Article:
PHOENIX, AZ - DECEMBER 26: Eric Gordon #10 of the New Orleans Hornets puts up a shot past Markieff Morris #11 of the Phoenix Suns during the season openning NBA game at US Airways Center on December 26, 2011 in Phoenix, Arizona. NOTE TO USER: User expressly acknowledges and agrees that, by downloading and or using this photograph, User is consenting to the terms and conditions of the Getty Images License Agreement. (Photo by Christian Petersen/Getty Images)
Tomorrow morning, I was going to argue why Eric Gordon deserves a maximum extension from the Hornets, spanning at least four years (if not the full five, which we could hold onto for someone like Tom Robinson or, heh heh, Anthony Davis). Tomorrow morning, I will not be doing that because yesterday night, Monty Williams said this:
I know some things. I'd love to tell you guys as much as I do know but I've got to hold onto it for another day or two and get some more information from the doctors. They're still running tests on him but we'll know more Monday or Tuesday for sure.
Now this could be nothing. It really could be. We could look back at this on Wednesday, laughing, pushing each other into the bushes ("come on, the water's on, let's go!").
But consider: Eric Gordon was supposed to return from a "knee bruise" shortly after the December 26th season opener against the Phoenix Suns. When Gordon held off on returning until January 4th, it was billed simply as a "precautionary measure." Gordon was day-to-day during the intermediate time period, but he hasn't played since the Philadelphia game on the 4th. The fact that there's "important" news to report at all points strongly towards a negative revelation, if only because a healthy Gordon, based on our information so far, would hardly be proclamation worthy.
The Gordon injury saga has been a bit convoluted thus far because in many ways, it sprouted from nothing. At the time of the trade, we knew Gordon last had a serious wrist injury with the Clippers in 2011 that he'd recovered fully from. Aside from that, we were largely led to believe he was arriving in one piece. So a quick timeline here of Gordon's first month in New Orleans:
December 16th: Gordon, Kaman, Aminu ineligible for first preseason game at Memphis (At the Hive)
December 17th: Gordon passes team physical examination with Hornets (Los Angeles Times)
December 17th: Gordon attends but does not participate in Hornets practice while Kaman, Aminu do (At the Hive)
December 21st: Gordon plays first game for Hornets, preseason vs. Memphis. (At the Hive)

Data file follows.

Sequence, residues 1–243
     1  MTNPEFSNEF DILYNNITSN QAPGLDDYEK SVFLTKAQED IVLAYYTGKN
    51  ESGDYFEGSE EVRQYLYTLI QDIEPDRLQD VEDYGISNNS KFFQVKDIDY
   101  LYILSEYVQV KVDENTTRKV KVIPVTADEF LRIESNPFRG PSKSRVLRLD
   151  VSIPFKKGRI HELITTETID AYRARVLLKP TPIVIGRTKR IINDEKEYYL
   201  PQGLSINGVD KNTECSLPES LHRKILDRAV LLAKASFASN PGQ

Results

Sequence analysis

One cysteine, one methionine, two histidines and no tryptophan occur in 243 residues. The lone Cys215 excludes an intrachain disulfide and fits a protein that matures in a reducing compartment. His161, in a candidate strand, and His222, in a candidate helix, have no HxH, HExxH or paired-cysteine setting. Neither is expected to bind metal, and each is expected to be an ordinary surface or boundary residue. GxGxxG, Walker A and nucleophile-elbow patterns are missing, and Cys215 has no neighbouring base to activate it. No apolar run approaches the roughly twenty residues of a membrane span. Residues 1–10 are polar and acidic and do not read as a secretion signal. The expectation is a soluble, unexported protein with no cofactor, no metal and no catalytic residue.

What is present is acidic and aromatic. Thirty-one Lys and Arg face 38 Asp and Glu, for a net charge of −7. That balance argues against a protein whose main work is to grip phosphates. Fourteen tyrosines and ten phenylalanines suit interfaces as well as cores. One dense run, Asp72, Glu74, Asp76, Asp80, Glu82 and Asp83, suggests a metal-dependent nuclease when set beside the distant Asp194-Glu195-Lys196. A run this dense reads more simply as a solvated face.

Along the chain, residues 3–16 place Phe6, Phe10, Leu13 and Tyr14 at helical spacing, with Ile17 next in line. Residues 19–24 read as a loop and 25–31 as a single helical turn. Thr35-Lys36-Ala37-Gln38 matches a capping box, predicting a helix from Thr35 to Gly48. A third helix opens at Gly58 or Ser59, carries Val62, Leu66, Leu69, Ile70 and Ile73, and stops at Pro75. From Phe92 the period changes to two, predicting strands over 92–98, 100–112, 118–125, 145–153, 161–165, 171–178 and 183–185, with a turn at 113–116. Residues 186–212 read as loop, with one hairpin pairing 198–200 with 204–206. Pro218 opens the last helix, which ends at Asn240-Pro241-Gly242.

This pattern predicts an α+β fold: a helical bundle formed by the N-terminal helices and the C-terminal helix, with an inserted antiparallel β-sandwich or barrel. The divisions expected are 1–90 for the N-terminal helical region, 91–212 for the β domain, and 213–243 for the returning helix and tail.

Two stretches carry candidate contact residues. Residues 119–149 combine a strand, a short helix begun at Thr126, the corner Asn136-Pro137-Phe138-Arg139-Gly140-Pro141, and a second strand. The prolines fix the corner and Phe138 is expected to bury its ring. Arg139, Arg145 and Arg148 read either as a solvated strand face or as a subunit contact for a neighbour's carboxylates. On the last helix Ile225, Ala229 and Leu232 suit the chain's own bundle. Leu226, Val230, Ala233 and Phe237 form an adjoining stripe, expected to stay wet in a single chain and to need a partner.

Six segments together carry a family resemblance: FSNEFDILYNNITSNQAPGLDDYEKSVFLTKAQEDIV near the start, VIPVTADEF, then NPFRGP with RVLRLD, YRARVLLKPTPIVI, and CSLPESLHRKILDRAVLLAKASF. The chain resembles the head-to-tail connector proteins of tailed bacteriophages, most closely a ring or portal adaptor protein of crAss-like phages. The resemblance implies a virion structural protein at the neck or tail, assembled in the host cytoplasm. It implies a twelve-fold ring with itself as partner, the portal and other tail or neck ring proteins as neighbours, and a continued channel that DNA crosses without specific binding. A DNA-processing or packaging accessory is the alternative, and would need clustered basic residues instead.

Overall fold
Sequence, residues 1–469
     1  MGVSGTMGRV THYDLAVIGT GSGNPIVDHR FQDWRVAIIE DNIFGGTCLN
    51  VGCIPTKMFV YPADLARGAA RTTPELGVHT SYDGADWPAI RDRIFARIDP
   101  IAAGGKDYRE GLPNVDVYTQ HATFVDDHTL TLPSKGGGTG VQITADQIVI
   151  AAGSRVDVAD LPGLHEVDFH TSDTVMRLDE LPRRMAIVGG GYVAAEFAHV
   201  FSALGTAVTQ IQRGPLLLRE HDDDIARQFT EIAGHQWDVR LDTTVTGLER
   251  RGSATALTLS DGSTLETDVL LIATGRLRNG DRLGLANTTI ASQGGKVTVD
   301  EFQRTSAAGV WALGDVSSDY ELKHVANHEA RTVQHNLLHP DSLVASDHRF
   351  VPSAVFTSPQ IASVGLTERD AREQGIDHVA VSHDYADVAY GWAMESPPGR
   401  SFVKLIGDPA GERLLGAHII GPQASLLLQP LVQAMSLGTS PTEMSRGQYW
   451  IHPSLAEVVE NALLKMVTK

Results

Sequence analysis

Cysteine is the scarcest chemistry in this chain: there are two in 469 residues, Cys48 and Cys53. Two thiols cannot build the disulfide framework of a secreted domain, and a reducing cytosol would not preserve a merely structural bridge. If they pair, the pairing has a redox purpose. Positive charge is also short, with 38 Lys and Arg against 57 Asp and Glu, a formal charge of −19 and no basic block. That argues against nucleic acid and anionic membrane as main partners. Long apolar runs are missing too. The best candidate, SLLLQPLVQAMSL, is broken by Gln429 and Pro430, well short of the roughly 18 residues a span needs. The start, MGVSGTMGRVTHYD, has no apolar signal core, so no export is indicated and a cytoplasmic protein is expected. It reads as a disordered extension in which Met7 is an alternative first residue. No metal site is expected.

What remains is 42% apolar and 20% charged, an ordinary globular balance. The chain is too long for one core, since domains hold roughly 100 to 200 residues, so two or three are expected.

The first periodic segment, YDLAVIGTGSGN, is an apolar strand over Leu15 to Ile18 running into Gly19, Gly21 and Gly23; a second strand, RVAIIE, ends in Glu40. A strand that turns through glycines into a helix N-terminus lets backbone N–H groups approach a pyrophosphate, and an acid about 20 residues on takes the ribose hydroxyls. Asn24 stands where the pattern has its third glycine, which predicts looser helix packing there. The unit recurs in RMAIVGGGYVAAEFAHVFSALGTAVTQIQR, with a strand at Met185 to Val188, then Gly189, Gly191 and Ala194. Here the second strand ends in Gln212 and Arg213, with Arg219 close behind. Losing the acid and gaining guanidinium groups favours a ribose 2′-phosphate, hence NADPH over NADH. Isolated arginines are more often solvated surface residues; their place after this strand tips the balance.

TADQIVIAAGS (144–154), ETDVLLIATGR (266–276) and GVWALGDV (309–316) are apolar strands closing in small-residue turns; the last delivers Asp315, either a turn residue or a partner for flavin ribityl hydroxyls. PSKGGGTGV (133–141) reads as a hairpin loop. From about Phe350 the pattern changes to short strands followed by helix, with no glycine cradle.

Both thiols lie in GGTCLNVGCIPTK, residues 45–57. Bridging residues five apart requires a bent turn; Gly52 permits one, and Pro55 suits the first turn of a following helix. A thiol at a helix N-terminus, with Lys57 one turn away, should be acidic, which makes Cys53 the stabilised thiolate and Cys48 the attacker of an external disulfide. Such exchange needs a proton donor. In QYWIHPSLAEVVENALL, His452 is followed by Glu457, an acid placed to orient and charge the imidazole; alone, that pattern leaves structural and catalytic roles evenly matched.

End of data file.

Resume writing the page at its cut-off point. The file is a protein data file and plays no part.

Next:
December 26th: Gordon plays first regular season game, vs. Phoenix (At the Hive)
It was later revealed (two days later) that Gordon bumped knees with Grant Hill in the third quarter. Video is below.
December 31st: Gordon misses second straight game, reveals knee bruise was pre-existing condition (SI)
January 4th: Gordon returns to starting lineup against Philadelphia (At the Hive)
January 6th: Hornets announce Gordon will miss 2-3 more weeks with knee injury (Hornets.com)
January 20th: 2 weeks later, Monty Williams gives cryptic quote on the condition of Gordon's knee
And so here we are. The problem, in all of this, is the dreaded "pre-existing" modifier to Gordon's injury. Gordon never suffered a right knee injury while with the Clippers, nor is there any evidence of him picking up a knee injury over the extended lockout offseason. And of course, at the time of the physical, the Hornets revealed no information about his current injury status.
All we have to go off of is his collision with Grant Hill against Phoenix.
Through some sleuthing, we can find exactly what play it happened. The collision occurred in the 3rd quarter; Popcorn Machine shows that Hill and Gordon were on the court at the same time in the third quarter from the 12:00 to 7:41 mark. Watching that footage reveals the reaggravation happened at 9:03 in the third My video quality here is really poor on account of a terrible internet connection, but here's the play (extremely choppily) anyway:
Even with better quality, it would be tough to see what really happened here. No replays of the play were shown at the time.
This mystery may finally be solved Tuesday; whether it's via a good, bad, or awful resolution remains to be seen.